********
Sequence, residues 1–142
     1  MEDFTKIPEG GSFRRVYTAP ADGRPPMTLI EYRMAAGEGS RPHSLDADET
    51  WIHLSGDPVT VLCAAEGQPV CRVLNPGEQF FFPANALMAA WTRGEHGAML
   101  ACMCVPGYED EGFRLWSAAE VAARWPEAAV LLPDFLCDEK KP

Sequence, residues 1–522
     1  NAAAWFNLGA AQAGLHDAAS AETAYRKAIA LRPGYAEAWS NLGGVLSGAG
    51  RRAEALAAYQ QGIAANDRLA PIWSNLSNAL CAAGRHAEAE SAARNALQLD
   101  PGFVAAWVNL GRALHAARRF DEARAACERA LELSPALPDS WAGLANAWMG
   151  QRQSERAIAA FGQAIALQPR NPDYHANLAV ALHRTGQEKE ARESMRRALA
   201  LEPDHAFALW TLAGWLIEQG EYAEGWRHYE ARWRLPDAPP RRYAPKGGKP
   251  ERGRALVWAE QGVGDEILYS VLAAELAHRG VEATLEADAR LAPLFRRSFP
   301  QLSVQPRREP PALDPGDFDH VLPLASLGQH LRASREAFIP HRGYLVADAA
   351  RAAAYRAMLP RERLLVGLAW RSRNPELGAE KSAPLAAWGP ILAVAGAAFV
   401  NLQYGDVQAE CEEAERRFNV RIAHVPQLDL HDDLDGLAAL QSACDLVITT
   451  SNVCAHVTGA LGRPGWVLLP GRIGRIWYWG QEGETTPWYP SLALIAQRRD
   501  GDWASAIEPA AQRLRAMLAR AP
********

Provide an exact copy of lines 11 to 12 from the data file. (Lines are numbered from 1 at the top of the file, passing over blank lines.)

   251  ERGRALVWAE QGVGDEILYS VLAAELAHRG VEATLEADAR LAPLFRRSFP
   301  QLSVQPRREP PALDPGDFDH VLPLASLGQH LRASREAFIP HRGYLVADAA